On Friday nights, they're simply the halftime show, their spotlight sandwiched between football play while the team is working out strategy in the locker room. But this Saturday, halftime becomes the main event as 20 school marching bands from Pasco, Hernando and Citrus counties descend upon River Ridge Middle/High School for the Florida Bandmasters Association District V Marching Performance Assessment.
"It is several hours of uninterrupted music, pageantry and everything that a show about music and moving can be," said River Ridge Middle band director Travis Henry, who is co-hosting the event with River Ridge High School band director Robert Cook. "It's awesome having all these uninterrupted halftime shows from high schools all in one place. We love having the community come out to support our programs."
"It's definitely the biggest performance of the year," said Anclote High snare drum player Eric Durnell, 16. "Football games are just practice for this."
"There's a lot to see — all this different music and some real cool visual effects," Henry said.
Students have been honing their halftime performances since they started practicing their steps during summer band camp and worked them out on the grid under the Friday night lights.
"It's a lot of fun," said Anclote clarinet player Alexandra Oakes, 14. "You're with other people who share the same passion. You get to do your show, then see other people's shows and how they come together. It's pretty cool to think that this was someone's idea."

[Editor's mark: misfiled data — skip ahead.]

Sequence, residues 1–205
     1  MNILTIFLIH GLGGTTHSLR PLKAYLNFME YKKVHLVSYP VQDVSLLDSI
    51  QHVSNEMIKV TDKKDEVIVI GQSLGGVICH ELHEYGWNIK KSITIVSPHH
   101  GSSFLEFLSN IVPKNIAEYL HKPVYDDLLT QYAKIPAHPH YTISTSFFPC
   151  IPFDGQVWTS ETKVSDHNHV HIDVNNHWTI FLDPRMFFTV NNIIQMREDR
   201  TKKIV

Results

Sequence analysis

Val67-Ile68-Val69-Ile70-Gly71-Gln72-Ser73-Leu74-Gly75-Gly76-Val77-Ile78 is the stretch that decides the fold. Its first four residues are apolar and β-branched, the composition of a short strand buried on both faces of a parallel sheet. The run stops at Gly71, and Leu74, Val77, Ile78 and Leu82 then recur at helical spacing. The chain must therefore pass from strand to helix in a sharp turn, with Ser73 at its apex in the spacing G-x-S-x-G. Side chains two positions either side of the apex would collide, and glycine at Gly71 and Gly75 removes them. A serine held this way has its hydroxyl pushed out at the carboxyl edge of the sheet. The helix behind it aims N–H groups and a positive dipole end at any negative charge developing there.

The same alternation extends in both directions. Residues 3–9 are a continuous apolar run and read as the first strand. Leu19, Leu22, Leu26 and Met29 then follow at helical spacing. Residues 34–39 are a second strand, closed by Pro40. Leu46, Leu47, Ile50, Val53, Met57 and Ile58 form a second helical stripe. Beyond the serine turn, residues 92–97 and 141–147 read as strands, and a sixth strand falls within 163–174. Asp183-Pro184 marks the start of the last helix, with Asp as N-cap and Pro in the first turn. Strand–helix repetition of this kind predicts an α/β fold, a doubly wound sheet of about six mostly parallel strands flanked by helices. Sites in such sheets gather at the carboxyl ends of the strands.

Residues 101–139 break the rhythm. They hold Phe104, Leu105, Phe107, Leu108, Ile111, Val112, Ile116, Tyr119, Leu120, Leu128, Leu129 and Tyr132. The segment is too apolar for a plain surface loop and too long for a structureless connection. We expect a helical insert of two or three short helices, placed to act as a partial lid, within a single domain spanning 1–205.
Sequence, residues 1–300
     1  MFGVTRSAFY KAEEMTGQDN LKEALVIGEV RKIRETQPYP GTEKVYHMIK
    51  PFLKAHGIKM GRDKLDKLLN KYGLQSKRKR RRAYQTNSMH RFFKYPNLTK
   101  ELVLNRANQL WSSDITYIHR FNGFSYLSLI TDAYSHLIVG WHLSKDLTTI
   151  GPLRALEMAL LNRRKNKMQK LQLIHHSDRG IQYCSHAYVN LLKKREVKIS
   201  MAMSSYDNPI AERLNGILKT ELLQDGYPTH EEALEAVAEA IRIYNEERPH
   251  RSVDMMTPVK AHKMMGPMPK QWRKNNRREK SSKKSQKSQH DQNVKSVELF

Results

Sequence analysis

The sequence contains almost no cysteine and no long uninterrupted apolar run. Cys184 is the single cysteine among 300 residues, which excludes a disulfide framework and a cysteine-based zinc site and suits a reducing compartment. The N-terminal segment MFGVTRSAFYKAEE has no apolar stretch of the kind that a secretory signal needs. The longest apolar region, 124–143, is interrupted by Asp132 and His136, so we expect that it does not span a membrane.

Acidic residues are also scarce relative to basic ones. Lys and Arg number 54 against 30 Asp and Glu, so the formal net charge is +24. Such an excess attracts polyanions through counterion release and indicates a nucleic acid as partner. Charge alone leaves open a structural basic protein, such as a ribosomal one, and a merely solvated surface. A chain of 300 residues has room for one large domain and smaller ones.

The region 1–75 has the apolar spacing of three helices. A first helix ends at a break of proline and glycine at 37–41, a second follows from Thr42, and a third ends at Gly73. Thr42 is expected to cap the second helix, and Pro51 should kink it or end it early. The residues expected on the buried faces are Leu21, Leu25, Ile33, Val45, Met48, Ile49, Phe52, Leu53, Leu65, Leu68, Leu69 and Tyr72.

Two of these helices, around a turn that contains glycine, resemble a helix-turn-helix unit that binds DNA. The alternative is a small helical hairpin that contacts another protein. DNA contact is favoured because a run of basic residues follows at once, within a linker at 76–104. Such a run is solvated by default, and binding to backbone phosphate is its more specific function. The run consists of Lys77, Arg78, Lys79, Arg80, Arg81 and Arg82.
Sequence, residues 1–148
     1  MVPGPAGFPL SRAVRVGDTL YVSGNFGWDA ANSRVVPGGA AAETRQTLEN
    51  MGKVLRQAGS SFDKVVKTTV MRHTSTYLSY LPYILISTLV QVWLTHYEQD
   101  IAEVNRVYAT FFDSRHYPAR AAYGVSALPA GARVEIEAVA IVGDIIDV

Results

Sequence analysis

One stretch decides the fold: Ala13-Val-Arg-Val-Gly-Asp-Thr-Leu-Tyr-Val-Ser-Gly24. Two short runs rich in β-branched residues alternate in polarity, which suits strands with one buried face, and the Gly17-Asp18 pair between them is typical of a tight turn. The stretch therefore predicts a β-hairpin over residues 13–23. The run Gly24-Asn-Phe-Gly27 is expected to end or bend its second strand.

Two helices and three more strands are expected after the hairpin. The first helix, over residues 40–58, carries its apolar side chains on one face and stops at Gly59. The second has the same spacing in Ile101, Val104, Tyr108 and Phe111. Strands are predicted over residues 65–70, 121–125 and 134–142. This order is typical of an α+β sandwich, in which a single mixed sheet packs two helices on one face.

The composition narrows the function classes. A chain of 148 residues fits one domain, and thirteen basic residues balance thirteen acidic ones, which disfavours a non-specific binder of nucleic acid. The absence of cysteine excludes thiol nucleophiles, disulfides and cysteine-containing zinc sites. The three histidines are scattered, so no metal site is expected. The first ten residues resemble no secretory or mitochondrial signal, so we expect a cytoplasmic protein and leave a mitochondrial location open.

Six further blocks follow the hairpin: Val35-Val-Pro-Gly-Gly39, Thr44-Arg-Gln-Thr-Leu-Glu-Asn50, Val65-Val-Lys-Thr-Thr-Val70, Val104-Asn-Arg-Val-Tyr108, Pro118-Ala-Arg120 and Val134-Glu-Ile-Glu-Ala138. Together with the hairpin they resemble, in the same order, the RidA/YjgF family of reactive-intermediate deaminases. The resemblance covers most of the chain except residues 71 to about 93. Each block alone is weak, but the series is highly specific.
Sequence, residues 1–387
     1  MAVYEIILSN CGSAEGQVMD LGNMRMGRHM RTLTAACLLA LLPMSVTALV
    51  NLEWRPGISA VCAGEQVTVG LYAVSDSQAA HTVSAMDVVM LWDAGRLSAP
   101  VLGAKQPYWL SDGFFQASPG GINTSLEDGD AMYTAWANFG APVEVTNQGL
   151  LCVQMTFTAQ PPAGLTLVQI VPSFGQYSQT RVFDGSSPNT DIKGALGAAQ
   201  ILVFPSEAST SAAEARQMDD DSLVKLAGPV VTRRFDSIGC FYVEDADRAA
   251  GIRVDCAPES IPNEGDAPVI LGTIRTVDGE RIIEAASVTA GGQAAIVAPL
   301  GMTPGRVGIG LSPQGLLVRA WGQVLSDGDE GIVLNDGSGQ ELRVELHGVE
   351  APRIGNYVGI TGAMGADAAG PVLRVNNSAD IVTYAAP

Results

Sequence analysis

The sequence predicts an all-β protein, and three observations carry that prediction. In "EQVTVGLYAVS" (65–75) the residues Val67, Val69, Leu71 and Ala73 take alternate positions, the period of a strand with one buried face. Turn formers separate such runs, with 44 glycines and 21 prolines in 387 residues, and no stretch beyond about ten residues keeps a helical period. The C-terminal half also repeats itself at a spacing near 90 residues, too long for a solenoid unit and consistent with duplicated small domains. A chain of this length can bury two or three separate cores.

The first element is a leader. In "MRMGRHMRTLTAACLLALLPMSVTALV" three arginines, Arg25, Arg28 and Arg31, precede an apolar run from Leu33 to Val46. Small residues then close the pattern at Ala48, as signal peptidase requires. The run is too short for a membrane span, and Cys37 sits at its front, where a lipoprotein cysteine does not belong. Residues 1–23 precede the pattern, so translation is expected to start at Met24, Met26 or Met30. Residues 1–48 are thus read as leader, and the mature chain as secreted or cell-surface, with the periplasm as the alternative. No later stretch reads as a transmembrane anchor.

But it's not just about performing before an audience of fellow music lovers.
There's also a panel of six judges who will rate each performance with grades of poor, fair, good, excellent and superior in the areas of music, general effect, marching and maneuvering, percussion and color guard. The goal, of course, is to earn straight superiors.
The Anclote High Marching Sharks will be first up on Saturday — a typically stomach-churning thought for members of one of the youngest and smallest bands in Pasco County.
"You're nervous and there's this adrenalin rush because you know this is where it matters," Durnell said.
Then there's all that waiting around for the awards presentation, said Alex Rodriguez, 17, who is in his second year as a drum major for the Sharks and carries some heavy weight in making sure the band is in sync. "It's all very suspenseful. It's not till the bus ride home that we really get to relax."